At the same time, this theory makes it a lot clearer what kind of problem A.D.H.D. represents. The fact that children with the disorder can't finish the hard math problem doesn't mean that they're not smart enough to know the answer. It means they can't focus long enough to get to the answer. As Barkley puts it, A.D.H.D. is a problem not of knowing what you should do but, rather, of doing what you know. Motivation and memory and higher cognitive skills are intact in people with attention deficit. "But they are secondarily delayed," Barkley says. "They have no chance. They are rarely engaged and highly ineffective, because impulsive actions take precedence." The inability to stop pressing that "X" or "O" key ends up causing much more serious problems down the road.
This way of thinking about A.D.H.D. also demystifies Ritalin. Implicit in the popular skepticism about the drug has always been the idea that you cannot truly remedy something as complicated as A.D.H.D. with a pill. That's why the mother quoted in the Time story ripped up her child's Ritalin prescription, and why Diller places so much emphasis on the need for "real" social and spiritual solutions. But if A.D.H.D. is merely a discrete problem in inhibition why couldn't Ritalin be a complete solution? People with A.D.H.D. don't need a brain overhaul. They just need a little help with stopping..
There is another way to look at the A.D.H.D.-Ritalin question, which is known as the dopamine theory. This is by no means a conclusive account of A.D.H.D., but it may help clarify some of the issues surrounding the disorder. Dopamine is the chemical in the brain--the neurotransmitter--that appears to play a major role in things like attention and inhibition. When you tackle a difficult task or pay attention to a complex social situation, you are essentially generating dopamine in the parts of the brain that deal with higher cognitive tasks. If you looked at a thousand people at random, you would find a huge variation in their dopamine systems, just as you would if you looked at, say, blood pressure in a random population. A.D.H.D., according to this theory, is the name we give to people whose dopamine falls at the lower end of the scale, the same way we say that people suffer from hypertension if their blood pressure is above a certain point. In order to get normal levels of attention and inhibition, you have to produce normal levels of dopamine.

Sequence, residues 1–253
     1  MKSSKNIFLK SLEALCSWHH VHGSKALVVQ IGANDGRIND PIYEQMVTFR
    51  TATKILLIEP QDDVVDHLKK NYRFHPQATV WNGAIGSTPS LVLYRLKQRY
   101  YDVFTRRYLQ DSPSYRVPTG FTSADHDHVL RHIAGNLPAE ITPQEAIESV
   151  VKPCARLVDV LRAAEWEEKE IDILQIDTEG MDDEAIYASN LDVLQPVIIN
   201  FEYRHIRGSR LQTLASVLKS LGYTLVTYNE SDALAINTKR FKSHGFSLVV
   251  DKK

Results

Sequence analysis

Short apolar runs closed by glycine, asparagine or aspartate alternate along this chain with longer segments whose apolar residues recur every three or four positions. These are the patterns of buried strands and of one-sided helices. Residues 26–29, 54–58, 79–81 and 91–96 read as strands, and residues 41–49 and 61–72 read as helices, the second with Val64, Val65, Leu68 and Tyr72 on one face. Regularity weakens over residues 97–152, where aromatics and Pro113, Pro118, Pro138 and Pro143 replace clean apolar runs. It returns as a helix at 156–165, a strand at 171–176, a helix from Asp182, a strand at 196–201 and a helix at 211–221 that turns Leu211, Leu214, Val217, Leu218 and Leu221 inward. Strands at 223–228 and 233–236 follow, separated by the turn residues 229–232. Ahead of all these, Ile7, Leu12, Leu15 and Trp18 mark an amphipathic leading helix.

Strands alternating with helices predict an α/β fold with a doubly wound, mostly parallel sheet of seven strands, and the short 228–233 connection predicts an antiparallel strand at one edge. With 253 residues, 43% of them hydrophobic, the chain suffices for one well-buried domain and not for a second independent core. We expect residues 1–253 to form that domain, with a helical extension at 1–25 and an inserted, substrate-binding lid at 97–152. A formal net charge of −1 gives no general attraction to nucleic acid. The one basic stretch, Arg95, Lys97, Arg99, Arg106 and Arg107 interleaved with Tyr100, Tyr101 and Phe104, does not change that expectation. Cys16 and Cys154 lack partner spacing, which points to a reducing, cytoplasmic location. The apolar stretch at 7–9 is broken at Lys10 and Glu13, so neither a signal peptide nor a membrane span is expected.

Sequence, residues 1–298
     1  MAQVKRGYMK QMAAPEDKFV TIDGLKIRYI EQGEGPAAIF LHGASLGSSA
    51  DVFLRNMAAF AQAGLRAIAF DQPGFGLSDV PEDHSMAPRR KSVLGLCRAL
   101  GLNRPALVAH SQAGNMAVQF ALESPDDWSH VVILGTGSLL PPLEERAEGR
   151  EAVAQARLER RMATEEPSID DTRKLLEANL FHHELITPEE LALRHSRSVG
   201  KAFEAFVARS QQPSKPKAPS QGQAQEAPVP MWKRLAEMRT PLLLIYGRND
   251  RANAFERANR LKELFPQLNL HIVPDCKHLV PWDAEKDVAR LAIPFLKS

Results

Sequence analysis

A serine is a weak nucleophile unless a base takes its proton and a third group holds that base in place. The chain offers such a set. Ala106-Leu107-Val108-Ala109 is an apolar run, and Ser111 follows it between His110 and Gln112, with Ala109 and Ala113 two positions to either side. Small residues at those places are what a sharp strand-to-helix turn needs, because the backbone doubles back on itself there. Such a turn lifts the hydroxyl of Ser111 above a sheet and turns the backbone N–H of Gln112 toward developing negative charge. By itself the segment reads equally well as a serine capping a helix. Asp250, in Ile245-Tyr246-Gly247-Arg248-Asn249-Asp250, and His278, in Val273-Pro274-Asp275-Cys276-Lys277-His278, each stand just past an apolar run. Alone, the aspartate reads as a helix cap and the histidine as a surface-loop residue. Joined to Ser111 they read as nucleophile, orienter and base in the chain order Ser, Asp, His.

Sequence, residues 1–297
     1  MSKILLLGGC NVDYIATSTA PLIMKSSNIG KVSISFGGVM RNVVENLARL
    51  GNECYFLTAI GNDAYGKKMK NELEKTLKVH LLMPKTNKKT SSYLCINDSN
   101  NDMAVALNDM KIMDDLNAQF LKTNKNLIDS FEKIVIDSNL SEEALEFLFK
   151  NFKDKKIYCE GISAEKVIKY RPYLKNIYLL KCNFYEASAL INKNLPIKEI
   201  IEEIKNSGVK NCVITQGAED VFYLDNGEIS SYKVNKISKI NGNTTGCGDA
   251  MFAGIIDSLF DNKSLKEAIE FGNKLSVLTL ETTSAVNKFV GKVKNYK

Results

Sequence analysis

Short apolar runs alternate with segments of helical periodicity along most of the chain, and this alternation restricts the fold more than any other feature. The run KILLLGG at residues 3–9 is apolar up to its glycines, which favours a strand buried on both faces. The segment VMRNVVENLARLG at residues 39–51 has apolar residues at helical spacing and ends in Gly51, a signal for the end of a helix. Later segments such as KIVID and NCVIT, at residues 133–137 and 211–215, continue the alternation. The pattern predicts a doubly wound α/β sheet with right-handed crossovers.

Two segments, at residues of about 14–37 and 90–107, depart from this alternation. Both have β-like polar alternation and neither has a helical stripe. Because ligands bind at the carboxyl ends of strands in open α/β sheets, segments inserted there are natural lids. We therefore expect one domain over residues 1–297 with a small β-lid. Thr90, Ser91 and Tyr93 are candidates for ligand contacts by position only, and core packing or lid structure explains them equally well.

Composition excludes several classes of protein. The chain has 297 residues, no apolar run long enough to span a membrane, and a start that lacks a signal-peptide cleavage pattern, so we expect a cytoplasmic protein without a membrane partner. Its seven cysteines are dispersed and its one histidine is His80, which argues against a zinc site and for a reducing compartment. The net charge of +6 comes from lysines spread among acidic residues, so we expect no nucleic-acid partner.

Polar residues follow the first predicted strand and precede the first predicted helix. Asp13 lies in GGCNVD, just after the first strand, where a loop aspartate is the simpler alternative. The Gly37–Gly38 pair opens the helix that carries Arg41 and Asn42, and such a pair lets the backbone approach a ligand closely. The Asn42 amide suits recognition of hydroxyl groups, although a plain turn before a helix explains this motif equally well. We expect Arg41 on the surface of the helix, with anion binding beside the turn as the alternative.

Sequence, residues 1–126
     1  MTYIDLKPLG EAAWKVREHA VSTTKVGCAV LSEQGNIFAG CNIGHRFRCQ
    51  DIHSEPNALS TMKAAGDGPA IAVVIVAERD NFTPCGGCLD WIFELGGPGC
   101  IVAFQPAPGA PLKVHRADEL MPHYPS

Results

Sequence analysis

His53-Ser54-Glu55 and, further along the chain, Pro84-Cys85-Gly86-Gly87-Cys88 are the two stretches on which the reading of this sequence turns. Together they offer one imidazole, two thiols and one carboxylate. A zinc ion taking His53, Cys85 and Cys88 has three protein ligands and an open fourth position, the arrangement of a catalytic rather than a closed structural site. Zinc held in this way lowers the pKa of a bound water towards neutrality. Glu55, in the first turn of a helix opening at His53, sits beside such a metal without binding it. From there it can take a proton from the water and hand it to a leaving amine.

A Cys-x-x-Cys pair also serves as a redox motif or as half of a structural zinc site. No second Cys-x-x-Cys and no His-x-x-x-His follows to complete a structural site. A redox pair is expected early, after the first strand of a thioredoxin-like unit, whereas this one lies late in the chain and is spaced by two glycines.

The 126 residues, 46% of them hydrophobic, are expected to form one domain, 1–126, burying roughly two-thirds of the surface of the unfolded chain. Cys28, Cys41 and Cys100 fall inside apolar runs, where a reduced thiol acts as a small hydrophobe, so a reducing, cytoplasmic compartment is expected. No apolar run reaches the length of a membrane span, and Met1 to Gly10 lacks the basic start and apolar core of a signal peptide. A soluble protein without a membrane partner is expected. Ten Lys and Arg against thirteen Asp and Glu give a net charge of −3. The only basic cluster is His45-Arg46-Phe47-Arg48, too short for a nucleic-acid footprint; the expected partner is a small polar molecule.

This is what Ritalin does. Dopamine is manufactured in the brain by special receptors, and each of those receptors has a "transport," a kind of built-in vacuum cleaner that sucks up any excess dopamine floating around and stores it inside the neuron. Ritalin shuts down that transport, so the amount of dopamine available for cognition remains higher than it would be otherwise. In about sixty-five per cent of those who take the drug, Ritalin appears to make them "normal," and in an additional ten per cent it appears to bring about substantial improvement. It does have a few minor side effects--appetite loss and insomnia, in some users--but by and large it's a remarkably safe drug, with remarkably specific effects.
So what does the fact that we seem to be relying more and more on Ritalin mean? The beginning of the answer, I think, lies in the fact that Ritalin is not the only drug in existence that enhances dopamine. Cocaine affects the brain in almost exactly the same way. Nicotine, too, is a dopamine booster, although its mechanism is somewhat different. Obviously, taking Ritalin doesn't have the same consequences as snorting cocaine or smoking a cigarette. It's not addictive, and its effect is a lot more specific. Still, nicotine, cocaine, and Ritalin are all performing the same basic neurological function.
What, for instance, was the appeal of cocaine at the beginning of the coke epidemic of the eighties? It was a feel-good drug. But it was a feel-good drug of a certain kind--a drug that people thought would help them master the complexity and the competitive pressures of the world around them. In the now infamous Time story on cocaine that ran in the summer of 1981, there is a picture of a "freelance artist" in Manhattan doing lines on his lunch break, with the caption "Feeling stronger, smarter, faster, more able to cope." Cocaine, the article begins, "is becoming the all-American drug," and its popularity, in the words of one expert, is a symptom of the fact that "right from childhood in this country there is pressure for accomplishment." At the moment of its greatest popularity, cocaine was considered a thinking drug, an achievement drug, a drug for the modern world. Does that sound familiar?